Fast-forward to the founding of DxNow three years ago, with a procedure that helps patients that must undergo peritoneal dialysis.
Sharp said: “Today, we have two different methods of dialysis: hemodialysis and peritoneal dialysis. Globally, there are about 3 million people on dialysis. In the U.S., probably about 550,000-plus … of that, approximately 35,000 are on peritoneal dialysis, which is a home-based therapy. The patient goes to the clinic about once a month, gets checked out and gets a new supply of materials and maybe an adjustment to the dialysis solution, and they go home and they do their own treatment.”
Sharp explained that “hemodialysis (HD) is center-based. One typically goes to a clinic or dialysis center three times a week, for four to six hours per session. The session themselves may last three or four hours, but because of the significant risk of hypotension to your circulation system with the amount of blood through the dialyzer through time, you have a higher risk for hypertension. So you want to make sure the patient is medically stable before you send him or her home.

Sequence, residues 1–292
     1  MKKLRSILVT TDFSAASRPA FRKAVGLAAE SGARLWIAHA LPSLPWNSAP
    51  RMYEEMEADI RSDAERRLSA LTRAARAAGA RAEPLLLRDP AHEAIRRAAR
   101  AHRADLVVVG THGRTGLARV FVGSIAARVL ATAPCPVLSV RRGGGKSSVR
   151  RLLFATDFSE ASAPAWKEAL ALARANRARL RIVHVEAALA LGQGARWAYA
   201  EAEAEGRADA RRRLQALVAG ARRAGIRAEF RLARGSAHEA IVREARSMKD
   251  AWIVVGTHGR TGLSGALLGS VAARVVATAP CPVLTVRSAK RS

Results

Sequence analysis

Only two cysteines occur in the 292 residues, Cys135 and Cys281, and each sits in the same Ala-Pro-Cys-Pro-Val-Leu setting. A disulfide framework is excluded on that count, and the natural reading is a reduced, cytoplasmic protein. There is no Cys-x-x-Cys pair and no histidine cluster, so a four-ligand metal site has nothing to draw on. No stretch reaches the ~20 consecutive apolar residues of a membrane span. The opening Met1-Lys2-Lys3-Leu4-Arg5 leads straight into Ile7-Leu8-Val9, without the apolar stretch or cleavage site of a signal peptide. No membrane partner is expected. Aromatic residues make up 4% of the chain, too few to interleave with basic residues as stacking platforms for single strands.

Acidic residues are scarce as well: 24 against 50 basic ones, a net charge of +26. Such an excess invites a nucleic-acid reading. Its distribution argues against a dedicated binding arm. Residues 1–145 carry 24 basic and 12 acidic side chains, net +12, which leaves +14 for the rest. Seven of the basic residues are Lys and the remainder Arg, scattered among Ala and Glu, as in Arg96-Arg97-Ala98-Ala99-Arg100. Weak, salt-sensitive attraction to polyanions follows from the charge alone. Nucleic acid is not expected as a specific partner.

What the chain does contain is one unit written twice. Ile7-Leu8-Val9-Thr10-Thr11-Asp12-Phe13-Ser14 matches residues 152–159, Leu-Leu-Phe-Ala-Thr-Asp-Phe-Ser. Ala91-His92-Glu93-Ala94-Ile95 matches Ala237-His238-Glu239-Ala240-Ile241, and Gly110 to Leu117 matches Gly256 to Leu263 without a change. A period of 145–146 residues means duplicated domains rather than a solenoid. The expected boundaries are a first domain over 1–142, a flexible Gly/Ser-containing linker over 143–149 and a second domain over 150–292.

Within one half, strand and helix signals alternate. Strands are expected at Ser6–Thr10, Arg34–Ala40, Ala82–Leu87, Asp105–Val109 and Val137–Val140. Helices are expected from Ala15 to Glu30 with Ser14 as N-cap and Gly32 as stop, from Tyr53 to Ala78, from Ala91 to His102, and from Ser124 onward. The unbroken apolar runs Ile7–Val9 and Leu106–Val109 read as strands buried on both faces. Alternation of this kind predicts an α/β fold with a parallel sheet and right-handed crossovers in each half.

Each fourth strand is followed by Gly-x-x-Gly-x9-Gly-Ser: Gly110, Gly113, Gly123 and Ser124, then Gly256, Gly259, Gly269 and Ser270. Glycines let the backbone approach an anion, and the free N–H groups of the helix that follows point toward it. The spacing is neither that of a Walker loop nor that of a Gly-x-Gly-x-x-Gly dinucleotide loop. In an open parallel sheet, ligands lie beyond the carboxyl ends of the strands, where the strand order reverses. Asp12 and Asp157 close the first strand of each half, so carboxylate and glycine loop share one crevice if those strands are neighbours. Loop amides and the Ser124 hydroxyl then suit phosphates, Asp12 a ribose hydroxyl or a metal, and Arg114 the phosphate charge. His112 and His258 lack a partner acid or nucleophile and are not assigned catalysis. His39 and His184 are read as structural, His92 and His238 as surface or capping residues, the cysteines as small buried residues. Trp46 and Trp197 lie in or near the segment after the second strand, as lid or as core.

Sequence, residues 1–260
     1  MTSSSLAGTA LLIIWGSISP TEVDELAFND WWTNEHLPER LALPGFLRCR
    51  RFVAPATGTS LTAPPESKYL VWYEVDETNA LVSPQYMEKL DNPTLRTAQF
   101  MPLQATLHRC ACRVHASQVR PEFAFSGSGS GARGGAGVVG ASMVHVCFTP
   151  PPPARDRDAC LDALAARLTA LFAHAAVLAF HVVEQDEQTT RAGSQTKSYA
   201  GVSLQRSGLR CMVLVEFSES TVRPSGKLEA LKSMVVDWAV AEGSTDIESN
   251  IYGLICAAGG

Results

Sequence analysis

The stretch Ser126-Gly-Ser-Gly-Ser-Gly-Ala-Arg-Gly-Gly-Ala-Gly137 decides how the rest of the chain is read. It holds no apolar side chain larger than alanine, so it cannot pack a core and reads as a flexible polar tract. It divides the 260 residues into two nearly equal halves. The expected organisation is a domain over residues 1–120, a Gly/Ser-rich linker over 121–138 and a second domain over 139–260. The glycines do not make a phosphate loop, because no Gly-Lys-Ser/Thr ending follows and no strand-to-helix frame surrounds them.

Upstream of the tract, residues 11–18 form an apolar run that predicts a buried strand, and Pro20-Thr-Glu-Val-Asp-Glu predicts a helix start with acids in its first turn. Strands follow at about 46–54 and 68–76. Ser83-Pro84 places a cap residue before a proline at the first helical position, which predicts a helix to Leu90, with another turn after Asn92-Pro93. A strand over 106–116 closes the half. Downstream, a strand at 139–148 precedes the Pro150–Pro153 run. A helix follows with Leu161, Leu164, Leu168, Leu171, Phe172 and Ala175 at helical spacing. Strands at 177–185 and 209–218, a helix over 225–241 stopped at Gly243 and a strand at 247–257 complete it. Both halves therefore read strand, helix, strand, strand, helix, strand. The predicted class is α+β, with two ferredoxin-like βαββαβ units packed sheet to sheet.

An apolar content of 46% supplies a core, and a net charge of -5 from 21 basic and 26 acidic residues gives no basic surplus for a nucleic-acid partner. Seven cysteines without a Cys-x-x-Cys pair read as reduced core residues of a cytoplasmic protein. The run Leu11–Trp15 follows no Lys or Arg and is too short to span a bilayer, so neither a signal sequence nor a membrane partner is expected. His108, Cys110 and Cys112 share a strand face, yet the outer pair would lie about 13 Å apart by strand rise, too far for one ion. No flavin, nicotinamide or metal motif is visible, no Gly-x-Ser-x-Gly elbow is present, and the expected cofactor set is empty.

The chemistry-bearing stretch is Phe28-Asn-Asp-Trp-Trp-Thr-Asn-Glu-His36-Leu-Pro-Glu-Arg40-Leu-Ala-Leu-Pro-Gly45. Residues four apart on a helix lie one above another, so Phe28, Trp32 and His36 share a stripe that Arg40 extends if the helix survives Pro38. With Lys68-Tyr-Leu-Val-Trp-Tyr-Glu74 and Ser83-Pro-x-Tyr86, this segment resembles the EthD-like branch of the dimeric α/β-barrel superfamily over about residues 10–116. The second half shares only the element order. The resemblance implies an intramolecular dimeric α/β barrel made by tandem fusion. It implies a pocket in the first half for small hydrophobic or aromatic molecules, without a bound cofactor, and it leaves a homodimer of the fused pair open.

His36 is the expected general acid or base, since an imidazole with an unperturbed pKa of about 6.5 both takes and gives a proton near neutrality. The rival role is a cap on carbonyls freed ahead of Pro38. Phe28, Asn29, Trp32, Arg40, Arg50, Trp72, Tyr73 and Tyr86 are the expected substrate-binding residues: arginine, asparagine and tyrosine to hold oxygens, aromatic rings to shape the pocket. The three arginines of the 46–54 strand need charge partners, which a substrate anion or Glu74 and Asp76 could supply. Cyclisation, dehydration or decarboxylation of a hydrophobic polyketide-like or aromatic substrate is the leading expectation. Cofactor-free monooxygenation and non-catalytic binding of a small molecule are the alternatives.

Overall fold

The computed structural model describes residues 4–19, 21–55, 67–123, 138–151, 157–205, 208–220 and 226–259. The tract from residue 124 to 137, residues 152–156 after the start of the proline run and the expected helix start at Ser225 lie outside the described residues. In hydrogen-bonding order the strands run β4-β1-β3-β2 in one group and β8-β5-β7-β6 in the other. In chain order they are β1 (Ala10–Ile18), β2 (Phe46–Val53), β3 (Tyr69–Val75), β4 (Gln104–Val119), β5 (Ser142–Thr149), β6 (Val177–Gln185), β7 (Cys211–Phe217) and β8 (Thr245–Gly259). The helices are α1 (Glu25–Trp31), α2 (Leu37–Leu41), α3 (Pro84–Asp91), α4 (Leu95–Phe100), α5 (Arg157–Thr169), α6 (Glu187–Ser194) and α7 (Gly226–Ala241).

“Peritoneal dialysis (PD) is more biologically friendly because you are using the peritoneal membrane, along with the dialysis solution to effect what the kidney would do. So people who are on PD are much more mobile and are able to maintain normal work schedules, and you are not inconvenienced by having to go to the clinic for dialysis therapy,” Sharp explained.
With PD, patients had to visually inspect the effluent for cloudiness to determine the concentration of neutrophils. The higher the concentration, the more likelihood for infection.
“In 2013, we agreed to find a better method to detect infection for these patients. We did market research, talked to clinicians and really walked away with the feeling that there is a tremendous need, and if we build it, we can have success and a better quality of care for these people.” — William T. Sharp, DxNow CEO